Coming out of the store, I bumped into a lady I had not seen for many months. At first we were full of smiles and happy greetings, then her voice dropped and she moved closer. I knew instinctively what was coming. Did you know….

Growing up in rural Australia, we had what we called a party line. The old black box on the wall would ring with signals, like Morse code. There were seven families on isolated properties in our large district. Each one had a different code. Like the smart phones of today, a ring tone of their own.

One interesting aspect about this telephone system was the name. It invited gossip and listening in to other people’s conversations. When does casual conversation slip over into gossip? When do our ears pick up some piece of juicy information? How much information do we really need to be able to pray?

This tendency is not exclusive to the adult female population. Children learn the skill at an early age. If fostered by curious parents they carry it into adulthood until it is a way of life.

To fully understand gossip from a biblical perspective, we need to examine a bigger picture. The Word reveals gossip is like a recipe with many ingredients. It takes a long time to prepare, short time to eat and a lengthy and messy clean up to follow.

The seed of gossip is found in every crack in society. There it puts down roots deep into evil soil and grows into a tree. Its branches are talebearer, whisperer, meddler, busybody, jabberer and backbiter. These develop the fruit of malice, slander, rumour, mocking, false reports and lies.

People and events are composted. The gossip tree is fed by loose tongues, idle talk, and worthless chatter. Its leafy odours pollute atmospheres. These are carried on the winds of foolish ignorance. Passing on personal and sensational facts, filling minds with bitter vinegar. Finally producing quarrels, strife, divisions and struggles.

We may not be aware of the seed falling in our midst. It is often disguised as helpful information. However, by developing spiritual discernment we will recognise it when it sprouts.

Gossip can have a devastating effect on others (Prov.18:8). It can cause deep hurt and is not at all helpful (Prov. 14:10). It may distract others from God and cause them to fall (James 3:5).

The effect on ourselves can cause suffering (1 Peter 4:15). It indicates untrustworthiness (Prov. 11:13). Timothy goes a step further and says gossip shows a lack of self-control (5:13). This statement is also supported by Paul (2 Thess. 3:11). God warns us not to even associate with a gossip (Prov. 20:19).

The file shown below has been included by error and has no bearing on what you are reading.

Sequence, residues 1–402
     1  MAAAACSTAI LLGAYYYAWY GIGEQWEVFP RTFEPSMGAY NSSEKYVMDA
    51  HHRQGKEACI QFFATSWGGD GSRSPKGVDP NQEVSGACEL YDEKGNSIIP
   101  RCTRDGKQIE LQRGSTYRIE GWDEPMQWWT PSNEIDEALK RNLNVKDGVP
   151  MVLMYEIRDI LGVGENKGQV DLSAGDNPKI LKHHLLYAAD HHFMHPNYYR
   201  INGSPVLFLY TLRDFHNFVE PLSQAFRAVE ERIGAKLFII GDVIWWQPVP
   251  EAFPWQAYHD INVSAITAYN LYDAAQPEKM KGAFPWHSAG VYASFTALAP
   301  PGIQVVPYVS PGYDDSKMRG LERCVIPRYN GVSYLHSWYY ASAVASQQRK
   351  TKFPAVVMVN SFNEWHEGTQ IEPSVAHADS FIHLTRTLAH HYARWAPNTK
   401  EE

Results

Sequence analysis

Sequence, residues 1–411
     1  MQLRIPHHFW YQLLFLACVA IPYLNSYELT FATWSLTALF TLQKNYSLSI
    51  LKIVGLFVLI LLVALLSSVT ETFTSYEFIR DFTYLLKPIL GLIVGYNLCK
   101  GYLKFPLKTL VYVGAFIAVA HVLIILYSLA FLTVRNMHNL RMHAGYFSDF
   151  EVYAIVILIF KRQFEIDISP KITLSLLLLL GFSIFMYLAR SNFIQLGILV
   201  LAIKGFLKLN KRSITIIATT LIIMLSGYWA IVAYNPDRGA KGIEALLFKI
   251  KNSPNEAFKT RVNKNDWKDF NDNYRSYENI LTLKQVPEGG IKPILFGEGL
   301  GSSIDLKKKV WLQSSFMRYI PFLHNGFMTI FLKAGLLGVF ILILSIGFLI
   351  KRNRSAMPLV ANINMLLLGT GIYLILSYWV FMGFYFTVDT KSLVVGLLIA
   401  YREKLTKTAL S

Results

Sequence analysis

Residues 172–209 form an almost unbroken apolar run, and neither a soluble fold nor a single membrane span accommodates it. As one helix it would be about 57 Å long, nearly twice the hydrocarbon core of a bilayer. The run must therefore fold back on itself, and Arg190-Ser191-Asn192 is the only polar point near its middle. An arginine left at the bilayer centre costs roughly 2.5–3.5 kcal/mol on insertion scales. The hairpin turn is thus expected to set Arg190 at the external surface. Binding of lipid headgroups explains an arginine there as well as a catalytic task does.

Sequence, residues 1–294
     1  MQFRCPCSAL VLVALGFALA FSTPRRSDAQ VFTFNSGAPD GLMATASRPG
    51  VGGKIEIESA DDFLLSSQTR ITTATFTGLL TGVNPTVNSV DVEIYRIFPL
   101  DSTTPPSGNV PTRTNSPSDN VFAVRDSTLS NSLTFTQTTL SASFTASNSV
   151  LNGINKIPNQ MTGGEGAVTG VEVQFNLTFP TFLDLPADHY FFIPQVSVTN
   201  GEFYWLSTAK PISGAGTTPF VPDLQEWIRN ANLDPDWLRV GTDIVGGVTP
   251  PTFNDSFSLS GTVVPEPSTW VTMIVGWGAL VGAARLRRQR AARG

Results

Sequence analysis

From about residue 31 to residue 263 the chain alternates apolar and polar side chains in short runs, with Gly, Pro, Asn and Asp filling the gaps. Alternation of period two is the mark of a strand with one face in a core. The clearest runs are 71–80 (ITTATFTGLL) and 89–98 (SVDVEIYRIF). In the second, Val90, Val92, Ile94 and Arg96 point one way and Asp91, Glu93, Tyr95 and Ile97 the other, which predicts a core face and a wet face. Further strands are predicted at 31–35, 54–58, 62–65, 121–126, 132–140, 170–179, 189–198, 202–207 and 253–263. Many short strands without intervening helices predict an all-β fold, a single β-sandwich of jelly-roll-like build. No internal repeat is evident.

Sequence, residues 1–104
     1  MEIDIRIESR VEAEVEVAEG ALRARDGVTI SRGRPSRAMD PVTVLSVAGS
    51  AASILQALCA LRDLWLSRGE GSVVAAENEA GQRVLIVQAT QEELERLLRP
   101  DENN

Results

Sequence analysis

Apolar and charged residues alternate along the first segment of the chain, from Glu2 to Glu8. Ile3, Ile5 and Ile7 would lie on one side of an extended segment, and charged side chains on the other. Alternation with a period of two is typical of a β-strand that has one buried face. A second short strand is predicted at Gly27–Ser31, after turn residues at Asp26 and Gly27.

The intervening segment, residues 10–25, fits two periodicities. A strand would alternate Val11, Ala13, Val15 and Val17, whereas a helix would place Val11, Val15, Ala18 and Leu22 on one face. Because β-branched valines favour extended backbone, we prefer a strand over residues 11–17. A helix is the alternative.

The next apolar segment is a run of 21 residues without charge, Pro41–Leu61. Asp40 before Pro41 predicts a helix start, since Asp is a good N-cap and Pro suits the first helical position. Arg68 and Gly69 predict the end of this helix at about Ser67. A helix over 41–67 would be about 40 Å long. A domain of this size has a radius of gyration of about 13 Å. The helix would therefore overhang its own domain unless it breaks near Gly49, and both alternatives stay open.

Gossip does not glorify God. It dishonours him and others (Prov. 20:3). God will act against it (Rom.2:1-16) and humble a gossiper (2 Cor. 12:20-21; John 21:19-23). God hates gossip (Prov. 6:16-19) and once we indulge in it we may even interfere with God’s plans.

The clincher comes in the book of Romans. Paul reveals and exposes gossip as equal to other sins, including murder. It is part of a depraved mind and life (1:28-32). There are no degrees of sin in God’s economy. The sin of gossip cannot be rationalised by percentage. Once we are prone to this evil, it takes a determined effort with help from the Holy Spirit to break the habit. We need to resist the temptation to gossip and obey God.

Douse gossip with prayer and the Word of God. Influencers for God need to be bold to address the issue through solid biblical training. Healthy disciples do not grow gossip trees. If necessary take an axe to the root. Dancing around the base will not suffice. Use a threefold preventive measure: saturate, stop and sever.

Follow this with daily maintenance of honouring Jesus and dwelling on the things of God. Be occupied with the Lord’s business extending his kingdom. Esteem others better than ourselves. And by avoiding gossip we set a godly example for the next generation.

When gossip is exposed in the light of the Word we begin to understand why we are given this exhortation. ”Finally, brothers, whatever is true, whatever is noble, whatever is right, whatever is pure, whatever is lovely, whatever is admirable – if anything is excellent or praiseworthy- think about such things” (Phil. 4:8).

How did I handle my unexpected meeting, “did you know”? Firstly, I interrupted the conversation before one full sentence was released. Smiling and touching her arm gently, I simply said, “I probably don’t need to know what you are about to tell me.”
Choosing to close the ear gate to temptation may meet resistance but will eventually foster respect and lead to a positive influence.

That was two years ago. The lady is now a social media friend and we support and encourage one another frequently. No is an acceptable response to gossip.

Rusty A Lang is the author pseudonym for Marlene A Morphew. Schooled in brokenness, Marlene has served her Lord internationally over 40 years. Her passion is for people to be released into the Kingdom of God, living a natural supernatural life for Jesus Christ. Living in Australia she is an active speaker, writer of articles and devotionals. You can follow her on Facebook and through a regular blog on rustyalang.com. Her books Good Things Take Time: Metamorphosis of a Damaged Soul and Timeless Treasures: Digging for Gold Daily may be ordered directly from her website in Australia or Amazon and Barnes and Noble elsewhere.